Laurence Desarzens, urban communicator, beatmap.com
Paul F.M.J. Verschure, ICREA research professor, Technology Department, University Pompeu Fabra
Ricardo Baeza-Yates, Director, Yahoo! Research
Rudy de Waele, Founder, M-trends.org www.clubofamsterdam.com
Market Overview – Ambient Intelligence
A research by Frost & Sullivan
Focused Research Efforts Necessary to Take Ambient Intelligence toward Commercialization
Ambient intelligence combines ubiquitous computing, interfaces and communications to take interaction between users and devices to a much more sophisticated level. The goal is to develop a network of intelligent devices that is pervasive and unobtrusive to cooperatively gather, process, and transport information across various environments. Current research efforts in this field focus on key areas such as security, generic platforms for executing heterogenous applications, development of autonomous devices, agent-based computing, intelligent interfaces, and distributed architecture among others.
Since it is still in the conceptual stage, the success of ambient intelligent is dependent on a combination of factors. For example, the development of unobtrusive hardware that merges with the environment has become a vital requirement. “With the current trend of miniaturization in the electronics industry, and the advancements in nanoelectronics and nanodevices unobtrusive hardware is a definite possibility,” says the analyst of this research service. “Research is also underway to create miniature hardware that exhibits low heat dissipation, consumes less power, operates at higher speeds, and has a longer life.” Since an ambient intelligence environment would consist of a network of innumerable devices that are portable in nature there is also a need for dynamic and distributed device networks. The network should therefore support plug-and-play features to instantaneously connect devices after the initial authentication process, and identity establishment. Researchers must also work toward ensuring greater dependability and security for ambient intelligence to reach commercialization.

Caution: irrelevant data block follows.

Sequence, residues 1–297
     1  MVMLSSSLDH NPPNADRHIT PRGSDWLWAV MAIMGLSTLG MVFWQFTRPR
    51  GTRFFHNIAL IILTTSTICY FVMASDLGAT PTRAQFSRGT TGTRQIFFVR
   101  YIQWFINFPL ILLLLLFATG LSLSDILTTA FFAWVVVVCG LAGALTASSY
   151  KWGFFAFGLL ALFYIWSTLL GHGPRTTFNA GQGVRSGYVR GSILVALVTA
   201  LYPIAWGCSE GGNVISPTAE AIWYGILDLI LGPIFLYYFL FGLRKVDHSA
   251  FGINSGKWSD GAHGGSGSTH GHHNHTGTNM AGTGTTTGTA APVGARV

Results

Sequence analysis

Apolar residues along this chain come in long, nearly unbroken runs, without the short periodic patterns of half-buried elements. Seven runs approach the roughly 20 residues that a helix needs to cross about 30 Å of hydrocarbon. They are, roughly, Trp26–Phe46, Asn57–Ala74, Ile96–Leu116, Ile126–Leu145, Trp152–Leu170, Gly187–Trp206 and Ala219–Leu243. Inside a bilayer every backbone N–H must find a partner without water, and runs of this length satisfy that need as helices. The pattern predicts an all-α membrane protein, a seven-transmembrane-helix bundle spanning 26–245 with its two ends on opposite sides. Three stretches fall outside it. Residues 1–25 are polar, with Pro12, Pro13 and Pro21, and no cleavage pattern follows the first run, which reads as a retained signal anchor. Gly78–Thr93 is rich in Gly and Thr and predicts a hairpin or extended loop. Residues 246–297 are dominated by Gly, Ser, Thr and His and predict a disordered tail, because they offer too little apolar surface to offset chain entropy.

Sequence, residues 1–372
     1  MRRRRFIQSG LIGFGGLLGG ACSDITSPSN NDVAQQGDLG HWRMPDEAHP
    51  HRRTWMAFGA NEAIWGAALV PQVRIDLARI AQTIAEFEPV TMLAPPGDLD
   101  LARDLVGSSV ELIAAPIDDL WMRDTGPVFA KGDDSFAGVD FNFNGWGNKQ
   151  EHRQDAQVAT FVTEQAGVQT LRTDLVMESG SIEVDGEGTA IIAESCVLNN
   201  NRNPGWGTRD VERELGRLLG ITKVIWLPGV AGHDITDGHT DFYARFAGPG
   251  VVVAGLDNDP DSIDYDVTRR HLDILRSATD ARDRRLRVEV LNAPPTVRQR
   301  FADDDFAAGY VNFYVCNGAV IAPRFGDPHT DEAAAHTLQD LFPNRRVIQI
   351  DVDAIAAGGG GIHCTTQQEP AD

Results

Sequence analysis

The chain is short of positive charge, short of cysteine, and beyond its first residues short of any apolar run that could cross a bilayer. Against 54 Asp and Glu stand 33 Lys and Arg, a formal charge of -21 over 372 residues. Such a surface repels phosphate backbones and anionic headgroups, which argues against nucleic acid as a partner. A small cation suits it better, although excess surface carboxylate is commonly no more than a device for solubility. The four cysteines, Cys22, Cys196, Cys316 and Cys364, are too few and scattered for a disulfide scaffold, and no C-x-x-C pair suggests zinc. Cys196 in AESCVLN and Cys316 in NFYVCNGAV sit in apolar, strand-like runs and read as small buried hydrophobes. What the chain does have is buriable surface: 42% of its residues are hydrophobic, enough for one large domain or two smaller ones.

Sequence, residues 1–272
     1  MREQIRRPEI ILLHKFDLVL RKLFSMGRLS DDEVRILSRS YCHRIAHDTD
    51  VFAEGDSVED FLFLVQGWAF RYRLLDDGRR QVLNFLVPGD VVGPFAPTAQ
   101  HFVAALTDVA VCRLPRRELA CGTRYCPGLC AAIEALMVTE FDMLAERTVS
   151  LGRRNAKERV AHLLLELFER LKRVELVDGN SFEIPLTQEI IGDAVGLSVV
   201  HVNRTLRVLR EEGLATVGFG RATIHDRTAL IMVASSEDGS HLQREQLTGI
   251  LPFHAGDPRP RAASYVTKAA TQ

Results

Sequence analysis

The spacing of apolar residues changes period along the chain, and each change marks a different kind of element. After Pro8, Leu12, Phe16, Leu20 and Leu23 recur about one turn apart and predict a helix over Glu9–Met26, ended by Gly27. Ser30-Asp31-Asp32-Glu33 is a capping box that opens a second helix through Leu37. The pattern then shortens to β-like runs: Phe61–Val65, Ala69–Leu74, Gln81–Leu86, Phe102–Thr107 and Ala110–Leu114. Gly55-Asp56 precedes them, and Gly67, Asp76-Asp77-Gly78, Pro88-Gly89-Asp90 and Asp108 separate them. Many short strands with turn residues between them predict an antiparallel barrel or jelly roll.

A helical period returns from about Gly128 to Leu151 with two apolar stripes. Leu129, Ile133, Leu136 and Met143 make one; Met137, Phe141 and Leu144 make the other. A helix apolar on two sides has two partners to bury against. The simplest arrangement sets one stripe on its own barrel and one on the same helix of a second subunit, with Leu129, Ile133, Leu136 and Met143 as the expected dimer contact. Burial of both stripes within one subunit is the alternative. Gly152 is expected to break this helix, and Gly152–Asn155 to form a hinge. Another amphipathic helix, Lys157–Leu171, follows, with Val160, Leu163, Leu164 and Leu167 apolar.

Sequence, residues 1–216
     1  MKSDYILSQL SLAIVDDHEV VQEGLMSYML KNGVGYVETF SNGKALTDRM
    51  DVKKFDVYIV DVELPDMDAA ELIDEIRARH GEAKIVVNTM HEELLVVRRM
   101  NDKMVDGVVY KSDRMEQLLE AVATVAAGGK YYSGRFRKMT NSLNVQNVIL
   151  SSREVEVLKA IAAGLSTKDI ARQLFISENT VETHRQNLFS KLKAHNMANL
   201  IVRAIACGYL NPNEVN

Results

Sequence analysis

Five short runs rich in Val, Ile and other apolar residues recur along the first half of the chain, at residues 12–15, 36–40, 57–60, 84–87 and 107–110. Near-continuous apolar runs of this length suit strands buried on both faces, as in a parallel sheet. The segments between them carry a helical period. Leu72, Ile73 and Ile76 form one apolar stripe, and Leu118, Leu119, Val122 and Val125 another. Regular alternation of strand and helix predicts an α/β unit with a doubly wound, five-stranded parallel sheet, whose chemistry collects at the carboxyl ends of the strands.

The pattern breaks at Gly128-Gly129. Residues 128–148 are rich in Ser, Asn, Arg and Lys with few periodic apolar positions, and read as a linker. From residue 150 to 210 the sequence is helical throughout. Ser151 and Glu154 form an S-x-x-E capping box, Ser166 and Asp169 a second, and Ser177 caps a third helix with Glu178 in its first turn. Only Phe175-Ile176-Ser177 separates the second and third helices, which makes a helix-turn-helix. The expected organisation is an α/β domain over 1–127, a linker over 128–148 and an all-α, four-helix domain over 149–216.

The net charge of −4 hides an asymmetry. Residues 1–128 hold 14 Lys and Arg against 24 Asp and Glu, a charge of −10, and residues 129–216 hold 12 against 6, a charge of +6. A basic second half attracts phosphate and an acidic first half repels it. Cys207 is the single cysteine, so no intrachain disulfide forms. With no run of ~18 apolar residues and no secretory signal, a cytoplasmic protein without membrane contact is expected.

Interoperability and Standardization Key to Successful Implementation of Ambient Intelligence
As researchers strive towards taking ambient intelligence into the commercial market, interoperability and standardization will play a critical role. “Since ambient intelligence is built on the principle of integrating multiple devices through various communications medium and technologies, implementation becomes highly challenging,” explains the analyst. “The key is to enable users to interface with any device in a simple manner through a generic platform that connects all the devices without any technological issues.” Standardization right from the interface level to the implementation and hardware deployment is also proving to be important for integrating a pool of heterogeneous devices.
Another key accelerator for ambient intelligence is the rapid advancements in wireless communication technologies in terms of higher bandwidth and data transfer rates and low power requirements. As ambient intelligence overcomes the initial challenges and heads into commercialization, healthcare and home automation are expected to be the fastest and biggest adopters of this revolutionary technology.
Next Season Event
the future of Ambient Intelligence
Thursday, February 22, 2007
Registration: 18:30-19:00, Conference: 19:00-21:15
Where: Info.nl, Sint Antoniesbreestraat 16, 1011 HB Amsterdam [Next to Nieuwmarkt]
Introduction by our Moderators
Ben Schouten, Lector Ambient Intelligence and Design, Fontys & CWI
Rob van Kranenburg, Innovation and Media Theorist
The promise of an Ambient Society
Boris de Ruyter, Principal Scientist, Media Interaction Department, Philips Research Europe
Promise of AI for the home (ideal home)
Erik Geelhoed, Hewlett-Packard Laboratories, UK
Promise of AI in mobility and mobile gaming
Berry Eggen, Professor, Vice Dean, Department of Industrial Design, TU Eindhoven
Promise of AI for design
Klaas Kuitenbrouwer, Mediamatic
Promise of AI for media
Maurits Kreijveld, Challenger
The New Everyday View on Ambient Intelligence
by Stefano Marzano; Emile Aarts